Another proponent of the "small change" philosophy is the humorist A.J. Jacobs, a columnist for Esquire and author of several books. A few years back, Jacobs did an exercise (which became an Esquire article) in which he tracked everything he did during the course of his day—and then asked himself why he had made each decision, no matter how small.
For example, Why did he use Crest toothpaste? Thinking about it, he realized "it was because I had some friends at camp when I was 12 years old who used to tell me it was a cool toothpaste. That’s literally why I used it for 30 years." Such was the case with many of his daily activities and choices. "You discover that we do so many things by rote," he said.
With a number of these habits, Jacobs began asking, What if I made one small change? He started with the toothpaste. Then he moved his work desk to face in a different direction—because, as he says, "Why should I always face the same way?" He recommends trying small changes in everything from the route you take to work, to the way you dress or something you do every day around the house.
Changing your toothpaste or moving your desk may seem trivial, but as Jacobs points out, if you make small changes on a regular basis "it keeps you from staying in the same ruts all the time. It allows you to see the world in different ways." Another benefit of doing small experiments is that they provide an opportunity to practice making changes—which can lead to becoming more comfortable with change in general.
If you find you’re having trouble following through on a small behavioral change, Jacobs offers this tip: If necessary, fake it until you make it; in other words, act as if it’s a habit until it actually becomes one. "If you just go ahead and do something differently, and you do it enough times," you can condition your brain to think of it as a natural behavior, he says. Jacobs used this trick to improve his posture by "acting as if" he had good posture until he actually did; he also used it to get in the habit of smiling more.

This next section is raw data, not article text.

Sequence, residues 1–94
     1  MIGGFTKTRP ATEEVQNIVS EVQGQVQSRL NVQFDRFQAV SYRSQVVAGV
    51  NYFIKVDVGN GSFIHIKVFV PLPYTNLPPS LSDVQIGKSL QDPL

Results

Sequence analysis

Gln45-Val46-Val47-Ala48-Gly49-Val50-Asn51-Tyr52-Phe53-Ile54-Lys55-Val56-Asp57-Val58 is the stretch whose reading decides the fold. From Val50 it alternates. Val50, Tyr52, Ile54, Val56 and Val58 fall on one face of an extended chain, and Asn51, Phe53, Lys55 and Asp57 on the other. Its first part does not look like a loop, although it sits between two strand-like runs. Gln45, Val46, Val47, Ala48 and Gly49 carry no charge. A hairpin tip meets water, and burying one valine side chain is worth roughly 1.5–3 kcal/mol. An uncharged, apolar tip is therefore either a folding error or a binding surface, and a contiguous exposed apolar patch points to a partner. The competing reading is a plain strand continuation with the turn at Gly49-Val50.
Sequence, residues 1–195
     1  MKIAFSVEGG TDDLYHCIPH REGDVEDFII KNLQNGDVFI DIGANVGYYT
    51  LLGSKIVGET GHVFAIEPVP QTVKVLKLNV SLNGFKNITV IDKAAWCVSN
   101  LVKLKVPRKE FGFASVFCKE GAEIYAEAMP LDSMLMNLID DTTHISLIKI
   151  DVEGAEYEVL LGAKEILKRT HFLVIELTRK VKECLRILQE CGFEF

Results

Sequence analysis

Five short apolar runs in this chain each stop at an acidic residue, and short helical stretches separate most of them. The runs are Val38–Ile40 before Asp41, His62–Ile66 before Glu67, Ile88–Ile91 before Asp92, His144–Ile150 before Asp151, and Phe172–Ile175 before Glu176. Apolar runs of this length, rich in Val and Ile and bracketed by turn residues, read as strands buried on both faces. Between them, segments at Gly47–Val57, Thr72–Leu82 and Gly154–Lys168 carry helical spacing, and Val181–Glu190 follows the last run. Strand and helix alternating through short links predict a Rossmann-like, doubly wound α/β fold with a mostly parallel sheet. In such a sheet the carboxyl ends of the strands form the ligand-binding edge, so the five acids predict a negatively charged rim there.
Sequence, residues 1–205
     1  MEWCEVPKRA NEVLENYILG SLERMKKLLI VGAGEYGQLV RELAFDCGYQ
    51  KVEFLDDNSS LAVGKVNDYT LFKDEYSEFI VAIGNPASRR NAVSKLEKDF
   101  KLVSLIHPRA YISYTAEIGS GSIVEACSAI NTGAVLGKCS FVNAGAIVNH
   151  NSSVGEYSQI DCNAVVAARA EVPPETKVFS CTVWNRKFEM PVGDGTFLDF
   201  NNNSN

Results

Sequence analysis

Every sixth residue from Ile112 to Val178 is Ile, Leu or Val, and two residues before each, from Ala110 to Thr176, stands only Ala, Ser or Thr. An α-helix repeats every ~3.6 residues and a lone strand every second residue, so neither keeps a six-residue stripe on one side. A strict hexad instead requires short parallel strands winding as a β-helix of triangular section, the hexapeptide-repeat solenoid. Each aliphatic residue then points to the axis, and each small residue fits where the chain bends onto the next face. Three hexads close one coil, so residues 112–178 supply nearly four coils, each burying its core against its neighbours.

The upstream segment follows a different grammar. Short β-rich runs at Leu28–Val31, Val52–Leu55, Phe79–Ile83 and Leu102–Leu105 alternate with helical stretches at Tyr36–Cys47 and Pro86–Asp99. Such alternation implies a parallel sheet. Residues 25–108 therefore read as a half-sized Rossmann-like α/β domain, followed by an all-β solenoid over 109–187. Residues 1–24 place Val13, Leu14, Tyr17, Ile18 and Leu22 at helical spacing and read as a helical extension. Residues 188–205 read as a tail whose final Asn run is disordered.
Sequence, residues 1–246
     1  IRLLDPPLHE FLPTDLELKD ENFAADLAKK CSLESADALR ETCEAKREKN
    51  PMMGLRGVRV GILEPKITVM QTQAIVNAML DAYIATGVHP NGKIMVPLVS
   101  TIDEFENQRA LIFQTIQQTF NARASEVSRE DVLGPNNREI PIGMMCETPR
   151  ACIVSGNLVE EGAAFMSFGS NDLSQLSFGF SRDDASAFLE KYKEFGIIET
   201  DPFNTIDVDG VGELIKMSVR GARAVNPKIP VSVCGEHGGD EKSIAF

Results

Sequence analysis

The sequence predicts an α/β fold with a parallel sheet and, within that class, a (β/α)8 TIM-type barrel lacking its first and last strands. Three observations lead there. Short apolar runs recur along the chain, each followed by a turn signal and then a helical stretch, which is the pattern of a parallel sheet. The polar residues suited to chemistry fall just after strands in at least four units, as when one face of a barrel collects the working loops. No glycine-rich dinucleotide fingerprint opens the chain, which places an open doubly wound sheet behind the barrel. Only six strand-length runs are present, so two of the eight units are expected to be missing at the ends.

One of the biggest challenges of the small-change approach is that it can be hard for some people—especially ambitious, driven people—to scale back their goals. Take Caroline Arnold’s "walk to work on Mondays" example: Many achievers would tend to say, If I’m going to do this, why not just resolve to walk to work every day? But that greatly increases the chances you’ll fail to meet this higher standard and then give up on the whole thing, Arnold says. The better approach is to hold yourself to the more modest goal. If you’re able to exceed that (by, say, walking to work four times in a given week), that’s great—but the only measurement standard you should use for success/failure is whether you walked on the one day.
Bottom line: Resist the urge to try to change too much, too quickly. Begin, instead, by asking, What if I made one small change?
As Arnold points out, "There’s really no such thing as a small behavioral change, in terms of impact. Everything that affects our weight, our health, our productivity at work—it all involves small things that are happening at the margins. By working the margins, you gradually get to where you want to be."